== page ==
Tour 1: The Mountains: Maroon Bells is, in my opinion, the most beautiful place on Earth. The snow capped peaks rise majestically over a clear mountain lake. The meadow, green and vibrant, slopes gently down to the glimmering water. Aspen trees and Evergreens blanket the slopes. Just as I saw it in my youth, when we would drive up to the parking lot and picnic in the meadow before hiking the trails or fishing in the streams. Sometimes we would camp under the stars, or drink a six pack away from parent’s prying eyes.

As tourists continued to flock to lake in cars, and continued to picnic in the meadow, and pick the wild flowers, the once pristine area was showing some wear and tear. In order to preserve it, cement paths were poured, rope boundaries erected, and cars prohibited. Now one has to take a bus up to “The Bells” as locals continue to call it. This bus provides valuable commentary on the geographic history of the place, and the flora and fauna that inhabit it now. Tours of the lake and the surrounding woods are offered free of charge, and God sculpted peaks still lend grandeur to the skies. In quiet contemplation, I guided myself on a tour of the area, breathed in its beauty, and with a single tear, remembered. While I can no longer picnic in the meadow, the trade off is worth it.

Tour 2: The Town. As I was driven into town I realized that my compass still worked. I was struck by the way I could remember where each turn was, I could remember what business or house resided on what corner. I found myself saying things like “wasn’t that where (insert business here) was?” This was usually followed by a friend answering “yes” or more rarely, “It’s still there!” As I wandered the outdoor public mall which I terrorized on bicycles and other tomfoolery in my youth, I found myself remembering the stores that occupied nearly every storefront back in the day. The red bricks and wooden benches were the same. While Prada may have found a home in Aspen, the home that I remember is still there, under the surface, and the people who remembered it with me keep it alive as more than a ghost.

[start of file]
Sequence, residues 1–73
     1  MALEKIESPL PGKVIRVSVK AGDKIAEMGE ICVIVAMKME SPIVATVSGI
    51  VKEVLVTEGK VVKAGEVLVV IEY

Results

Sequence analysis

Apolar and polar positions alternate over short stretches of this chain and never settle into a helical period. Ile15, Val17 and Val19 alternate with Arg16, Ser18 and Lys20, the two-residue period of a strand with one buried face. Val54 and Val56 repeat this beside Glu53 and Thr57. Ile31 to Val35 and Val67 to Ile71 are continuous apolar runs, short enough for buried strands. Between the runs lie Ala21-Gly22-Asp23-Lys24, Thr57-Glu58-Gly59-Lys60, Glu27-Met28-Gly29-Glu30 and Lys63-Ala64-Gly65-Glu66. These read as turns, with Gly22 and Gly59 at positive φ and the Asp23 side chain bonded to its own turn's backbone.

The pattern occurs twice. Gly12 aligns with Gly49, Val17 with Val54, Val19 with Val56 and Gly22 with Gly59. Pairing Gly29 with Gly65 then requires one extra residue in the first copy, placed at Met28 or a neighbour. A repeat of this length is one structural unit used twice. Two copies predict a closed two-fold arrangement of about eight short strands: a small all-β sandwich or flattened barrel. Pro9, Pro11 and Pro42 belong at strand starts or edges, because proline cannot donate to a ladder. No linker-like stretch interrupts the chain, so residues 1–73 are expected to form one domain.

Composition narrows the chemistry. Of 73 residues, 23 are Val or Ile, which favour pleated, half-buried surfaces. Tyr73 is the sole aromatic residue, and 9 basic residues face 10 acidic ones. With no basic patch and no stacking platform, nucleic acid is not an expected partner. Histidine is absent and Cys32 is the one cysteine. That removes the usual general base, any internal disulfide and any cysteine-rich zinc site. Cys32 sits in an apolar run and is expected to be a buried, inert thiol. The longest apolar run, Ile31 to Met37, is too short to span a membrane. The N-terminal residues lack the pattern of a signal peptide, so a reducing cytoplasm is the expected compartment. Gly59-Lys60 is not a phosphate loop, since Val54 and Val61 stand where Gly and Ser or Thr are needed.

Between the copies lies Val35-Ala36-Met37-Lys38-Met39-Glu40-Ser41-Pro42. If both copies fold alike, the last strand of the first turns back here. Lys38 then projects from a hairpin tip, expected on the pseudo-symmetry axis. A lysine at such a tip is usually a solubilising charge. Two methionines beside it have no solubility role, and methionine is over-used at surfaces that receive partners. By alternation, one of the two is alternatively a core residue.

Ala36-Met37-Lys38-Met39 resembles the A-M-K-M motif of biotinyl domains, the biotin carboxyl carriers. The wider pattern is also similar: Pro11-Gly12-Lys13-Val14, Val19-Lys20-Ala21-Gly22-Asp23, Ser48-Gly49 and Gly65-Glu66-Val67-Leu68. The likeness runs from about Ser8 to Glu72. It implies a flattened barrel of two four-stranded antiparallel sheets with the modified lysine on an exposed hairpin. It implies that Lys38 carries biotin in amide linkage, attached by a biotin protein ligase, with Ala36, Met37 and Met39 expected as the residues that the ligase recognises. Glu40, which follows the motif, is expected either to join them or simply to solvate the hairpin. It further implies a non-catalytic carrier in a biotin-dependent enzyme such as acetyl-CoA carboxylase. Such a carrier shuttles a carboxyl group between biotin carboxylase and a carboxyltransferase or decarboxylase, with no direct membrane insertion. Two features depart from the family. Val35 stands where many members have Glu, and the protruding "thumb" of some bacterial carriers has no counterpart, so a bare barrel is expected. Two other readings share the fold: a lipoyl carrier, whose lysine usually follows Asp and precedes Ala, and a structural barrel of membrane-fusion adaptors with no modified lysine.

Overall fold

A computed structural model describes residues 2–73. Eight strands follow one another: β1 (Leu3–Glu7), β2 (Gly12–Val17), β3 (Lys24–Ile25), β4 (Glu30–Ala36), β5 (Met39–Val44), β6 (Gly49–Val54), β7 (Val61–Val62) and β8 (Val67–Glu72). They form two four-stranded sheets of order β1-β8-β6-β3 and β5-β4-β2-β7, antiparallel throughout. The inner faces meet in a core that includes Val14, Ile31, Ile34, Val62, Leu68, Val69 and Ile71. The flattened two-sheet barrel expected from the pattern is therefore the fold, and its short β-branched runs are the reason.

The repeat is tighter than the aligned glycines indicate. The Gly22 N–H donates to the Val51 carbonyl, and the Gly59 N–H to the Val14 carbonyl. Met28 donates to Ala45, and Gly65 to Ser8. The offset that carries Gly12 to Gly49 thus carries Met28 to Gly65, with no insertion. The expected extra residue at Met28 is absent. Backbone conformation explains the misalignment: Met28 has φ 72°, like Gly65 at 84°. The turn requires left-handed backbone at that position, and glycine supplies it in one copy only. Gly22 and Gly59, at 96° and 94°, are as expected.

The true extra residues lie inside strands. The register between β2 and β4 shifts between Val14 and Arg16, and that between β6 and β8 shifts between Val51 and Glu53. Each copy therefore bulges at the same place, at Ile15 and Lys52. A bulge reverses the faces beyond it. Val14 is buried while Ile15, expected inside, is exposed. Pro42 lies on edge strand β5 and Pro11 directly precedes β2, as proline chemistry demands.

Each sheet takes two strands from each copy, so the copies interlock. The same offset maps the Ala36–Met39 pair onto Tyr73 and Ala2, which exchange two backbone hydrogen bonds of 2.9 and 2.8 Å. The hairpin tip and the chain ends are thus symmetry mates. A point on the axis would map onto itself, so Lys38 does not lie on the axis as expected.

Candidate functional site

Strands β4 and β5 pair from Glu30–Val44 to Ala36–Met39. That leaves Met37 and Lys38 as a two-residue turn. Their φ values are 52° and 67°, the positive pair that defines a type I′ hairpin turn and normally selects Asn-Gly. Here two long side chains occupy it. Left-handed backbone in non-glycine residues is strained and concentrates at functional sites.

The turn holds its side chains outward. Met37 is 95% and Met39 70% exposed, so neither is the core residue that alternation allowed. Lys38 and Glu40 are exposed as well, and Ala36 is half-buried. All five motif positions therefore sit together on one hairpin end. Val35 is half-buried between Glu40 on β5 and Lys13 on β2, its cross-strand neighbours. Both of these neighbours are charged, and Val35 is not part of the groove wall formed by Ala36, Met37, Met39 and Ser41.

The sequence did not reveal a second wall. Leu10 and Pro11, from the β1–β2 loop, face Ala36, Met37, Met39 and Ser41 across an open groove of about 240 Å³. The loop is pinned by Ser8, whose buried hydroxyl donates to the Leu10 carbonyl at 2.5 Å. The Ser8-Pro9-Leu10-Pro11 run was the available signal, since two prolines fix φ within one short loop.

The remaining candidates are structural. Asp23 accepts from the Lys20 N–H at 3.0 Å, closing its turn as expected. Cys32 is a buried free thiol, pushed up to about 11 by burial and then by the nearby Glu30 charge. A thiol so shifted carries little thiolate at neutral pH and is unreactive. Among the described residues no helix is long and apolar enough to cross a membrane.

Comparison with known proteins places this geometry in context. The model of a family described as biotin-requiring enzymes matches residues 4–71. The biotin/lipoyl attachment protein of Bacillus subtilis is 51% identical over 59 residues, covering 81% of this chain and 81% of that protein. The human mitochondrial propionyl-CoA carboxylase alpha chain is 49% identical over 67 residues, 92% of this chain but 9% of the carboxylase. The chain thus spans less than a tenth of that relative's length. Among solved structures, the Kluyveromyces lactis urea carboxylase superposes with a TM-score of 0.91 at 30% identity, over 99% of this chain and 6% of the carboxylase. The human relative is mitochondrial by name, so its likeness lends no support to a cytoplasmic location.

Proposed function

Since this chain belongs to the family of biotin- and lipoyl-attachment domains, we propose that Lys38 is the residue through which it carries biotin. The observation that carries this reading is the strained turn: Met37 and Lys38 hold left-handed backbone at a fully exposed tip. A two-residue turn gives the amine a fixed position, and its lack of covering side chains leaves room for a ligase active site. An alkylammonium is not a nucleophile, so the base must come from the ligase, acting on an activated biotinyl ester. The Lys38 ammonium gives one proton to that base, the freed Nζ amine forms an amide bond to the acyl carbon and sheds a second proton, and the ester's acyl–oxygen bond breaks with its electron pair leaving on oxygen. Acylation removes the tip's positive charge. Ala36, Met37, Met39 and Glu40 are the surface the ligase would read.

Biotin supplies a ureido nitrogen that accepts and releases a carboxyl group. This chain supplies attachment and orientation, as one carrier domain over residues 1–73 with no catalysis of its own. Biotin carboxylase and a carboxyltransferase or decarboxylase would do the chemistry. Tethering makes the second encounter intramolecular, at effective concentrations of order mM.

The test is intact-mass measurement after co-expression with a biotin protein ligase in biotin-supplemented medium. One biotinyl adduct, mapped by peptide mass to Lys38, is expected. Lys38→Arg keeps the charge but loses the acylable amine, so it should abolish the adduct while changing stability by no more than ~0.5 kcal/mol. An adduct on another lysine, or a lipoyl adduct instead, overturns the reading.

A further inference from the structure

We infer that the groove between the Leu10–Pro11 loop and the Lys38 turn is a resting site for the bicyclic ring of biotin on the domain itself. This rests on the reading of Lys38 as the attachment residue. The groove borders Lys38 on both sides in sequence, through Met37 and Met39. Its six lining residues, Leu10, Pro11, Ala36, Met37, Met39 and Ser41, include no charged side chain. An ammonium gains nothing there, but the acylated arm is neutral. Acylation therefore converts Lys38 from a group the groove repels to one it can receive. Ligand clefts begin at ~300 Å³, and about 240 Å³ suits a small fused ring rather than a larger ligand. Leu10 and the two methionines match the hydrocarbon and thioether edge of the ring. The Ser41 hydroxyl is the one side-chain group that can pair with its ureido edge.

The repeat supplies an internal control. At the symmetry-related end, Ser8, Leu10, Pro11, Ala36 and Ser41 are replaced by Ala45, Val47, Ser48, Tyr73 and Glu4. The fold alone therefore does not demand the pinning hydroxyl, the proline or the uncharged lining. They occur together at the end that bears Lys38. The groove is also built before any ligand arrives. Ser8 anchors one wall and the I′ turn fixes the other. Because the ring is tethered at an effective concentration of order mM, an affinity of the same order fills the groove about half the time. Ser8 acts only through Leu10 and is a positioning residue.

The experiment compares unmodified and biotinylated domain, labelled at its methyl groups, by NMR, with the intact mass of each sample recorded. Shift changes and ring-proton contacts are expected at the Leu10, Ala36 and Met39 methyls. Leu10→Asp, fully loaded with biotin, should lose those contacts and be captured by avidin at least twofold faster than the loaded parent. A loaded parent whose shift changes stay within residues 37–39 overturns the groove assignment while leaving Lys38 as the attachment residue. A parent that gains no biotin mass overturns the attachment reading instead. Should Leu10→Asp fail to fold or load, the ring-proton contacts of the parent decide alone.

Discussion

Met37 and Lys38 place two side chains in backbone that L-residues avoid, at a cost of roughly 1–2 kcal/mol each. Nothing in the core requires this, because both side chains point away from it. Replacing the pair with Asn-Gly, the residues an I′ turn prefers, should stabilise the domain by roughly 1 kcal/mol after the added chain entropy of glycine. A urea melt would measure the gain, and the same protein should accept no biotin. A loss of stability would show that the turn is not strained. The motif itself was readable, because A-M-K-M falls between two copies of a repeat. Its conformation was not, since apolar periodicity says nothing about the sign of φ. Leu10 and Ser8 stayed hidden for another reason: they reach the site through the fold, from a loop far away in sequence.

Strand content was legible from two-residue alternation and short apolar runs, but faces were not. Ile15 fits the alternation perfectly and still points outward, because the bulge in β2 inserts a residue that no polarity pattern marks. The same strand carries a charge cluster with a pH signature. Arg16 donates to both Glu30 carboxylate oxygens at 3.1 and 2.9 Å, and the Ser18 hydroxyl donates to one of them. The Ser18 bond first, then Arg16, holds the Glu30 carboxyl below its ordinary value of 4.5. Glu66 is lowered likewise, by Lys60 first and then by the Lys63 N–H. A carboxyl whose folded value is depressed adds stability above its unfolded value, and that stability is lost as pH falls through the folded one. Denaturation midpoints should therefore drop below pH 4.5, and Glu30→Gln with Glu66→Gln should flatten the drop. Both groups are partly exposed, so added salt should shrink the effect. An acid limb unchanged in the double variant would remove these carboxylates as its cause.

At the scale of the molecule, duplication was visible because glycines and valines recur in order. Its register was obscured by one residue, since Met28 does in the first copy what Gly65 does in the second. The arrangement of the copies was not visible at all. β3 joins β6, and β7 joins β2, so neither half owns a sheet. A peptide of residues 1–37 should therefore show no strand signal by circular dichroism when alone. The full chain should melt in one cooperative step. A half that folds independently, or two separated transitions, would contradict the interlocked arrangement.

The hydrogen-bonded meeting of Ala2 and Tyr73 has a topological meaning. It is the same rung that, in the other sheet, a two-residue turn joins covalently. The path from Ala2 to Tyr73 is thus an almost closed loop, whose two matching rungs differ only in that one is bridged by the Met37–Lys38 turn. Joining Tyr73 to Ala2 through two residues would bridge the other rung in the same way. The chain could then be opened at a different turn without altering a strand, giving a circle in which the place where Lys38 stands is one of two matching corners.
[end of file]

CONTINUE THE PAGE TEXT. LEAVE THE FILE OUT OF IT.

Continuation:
As I close this current Aspen chapter, writing as I take in the mountain range from my friends’ yard, and awaiting a ride to the airport, I realize that, while a home may change, it can also remain. 

So I married a tour guide and I make my home with her.